Furthermore, these integration tests enabled me to implement the emulator in a exploratory programming style. Whenever I would implement new functionality, I would

  1. Find a test ROM that checks the functionality.
  2. Set up ppx_expect tests that run the test ROM.
  3. Run the tests and commit the failed output.
  4. Implement the functionality.
  5. Check if the test changed to the “Test OK” state.

Compiling to JavaScript

Compiling to JavaScript was surprisingly easy thanks to js_of_ocaml. I was able to get the emulator working in the browser with just a single commit.

I used a library called Brr when implementing the browser UI. The great thing about Brr is that it maps JS objects to OCaml modules, unlike js_of_ocaml ’s built-in browser API that maps JS objects to OCaml objects, requiring some knowledge about the “O” in OCaml.

Optimization

Although I was able to get it working in my browser, it had one problem — it was unplayably slow. Below is how it looked like in the PC browser at this point, running at around 20 FPS. The actual Game Boy runs at 60 FPS, so we need to improve the performance by a factor of three.

before optimize

Now started the journey of optimization.

Finding bottlenecks with a profiler

The first thing I did was use Chrome’s profiler7 and find out the bottlenecks. Here are the results:

profile result

The above show that the GPU consumes ~73% of the time, with tile_data.ml, oam_table.ml, and tile_map consuming 34%, 18%, and 8% of the time, respectively.

Similarly, I found that timer.ml and some Bigstringaf functions were consuming a lot of time.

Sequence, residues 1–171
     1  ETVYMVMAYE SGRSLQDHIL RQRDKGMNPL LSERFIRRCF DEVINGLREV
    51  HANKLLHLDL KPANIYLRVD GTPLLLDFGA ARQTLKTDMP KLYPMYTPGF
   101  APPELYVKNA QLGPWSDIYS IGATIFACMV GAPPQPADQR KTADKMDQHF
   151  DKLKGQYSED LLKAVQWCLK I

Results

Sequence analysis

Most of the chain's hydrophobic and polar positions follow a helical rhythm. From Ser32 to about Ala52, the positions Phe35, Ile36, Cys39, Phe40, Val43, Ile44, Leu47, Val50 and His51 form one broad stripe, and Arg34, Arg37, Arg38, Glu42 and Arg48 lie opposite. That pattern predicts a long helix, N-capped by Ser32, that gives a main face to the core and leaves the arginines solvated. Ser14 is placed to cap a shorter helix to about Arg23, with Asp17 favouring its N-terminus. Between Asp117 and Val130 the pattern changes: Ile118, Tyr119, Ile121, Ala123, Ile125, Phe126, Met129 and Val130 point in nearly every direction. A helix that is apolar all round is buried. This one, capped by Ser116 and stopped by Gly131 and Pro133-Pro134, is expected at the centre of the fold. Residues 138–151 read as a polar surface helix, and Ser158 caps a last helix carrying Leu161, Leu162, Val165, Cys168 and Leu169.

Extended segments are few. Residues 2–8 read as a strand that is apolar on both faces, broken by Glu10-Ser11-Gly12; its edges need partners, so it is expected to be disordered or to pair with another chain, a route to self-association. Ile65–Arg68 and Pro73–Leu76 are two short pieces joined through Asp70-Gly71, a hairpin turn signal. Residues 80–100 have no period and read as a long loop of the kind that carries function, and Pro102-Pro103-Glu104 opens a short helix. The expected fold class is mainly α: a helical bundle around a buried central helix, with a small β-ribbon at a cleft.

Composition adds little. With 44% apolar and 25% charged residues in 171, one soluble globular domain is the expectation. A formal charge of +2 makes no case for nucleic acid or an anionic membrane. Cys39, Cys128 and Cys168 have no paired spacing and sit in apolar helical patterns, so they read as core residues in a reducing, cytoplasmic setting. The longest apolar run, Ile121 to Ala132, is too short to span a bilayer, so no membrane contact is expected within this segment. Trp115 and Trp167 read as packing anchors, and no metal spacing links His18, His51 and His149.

Removing the bottlenecks

Now that I knew where the bottlenecks were, I worked on removing them. Since this article does not cover the parts that these changes touch, I will only list what I optimized and their results.

  • Optimize oam_table.ml (commit):
    • 14fps -> 24fps
  • Optimize tile_data.ml (commit):
    • 24fps -> 35fps
  • Optimize timer.ml (commit):
    • 35fps -> 40fps
  • Optimize tile_map.ml (commit):
    • 40fps -> 50fps
  • Use Bigstringaf.unsafe_get instead of Bigstringaf.get (commit):
    • 50fps -> 60fps

Disabling inlining

At this point, the emulator was running at 60 FPS on my PC browser, but only at 20~40 FPS on my phone. As I wondered what to do, I realized that the JS output from the release build was slower than the JS output from the dev build. With the help from people at discuss.ocaml.org, we found that js_of_ocaml’s inlining was slowing down the JS performance8. (Update 2022-01-12: The negative impact of inlining is being addressed in ocsigen/js_of_ocaml#1220.)

After disabling inlining, I achieved 100 FPS on my PC and 60 FPS on my phone. Below is the gif of the emulator running in 100 FPS in the PC browser.

after optimize

As a side note, optimizing the JS performance also improved the native performance. Below is the emulator running in ~1000 FPS in native.

after optimize native

Some benchmarks

I implemented a headless benchmarking mode to run the emulator without UI. I measured the FPS in various OCaml compiler backends, and the result was as follows:9

benchmark result

Final remarks

Thoughts on emulator development

I found emulator development to be similar to competitive programming. They both proceed through an iteration of the following steps:

  • Read the specification — the problem statement in competitive programming and the manuals/wiki pages in emulator development.
  • Implement according to the specification.
  • Check whether the implementation satisfies the specification — submitting to an online judge in competitive programming and running test ROMs in emulator development.

In the past, I have recommended competitive programming to people (like me) who want to code but have a hard time thinking of what to implement. In the future, I would also recommend emulator development to such people.

Things I liked about OCaml

The ecosystem

The ecosystem of OCaml has improved a lot since the last time I touched OCaml (around six years ago). To list a few examples: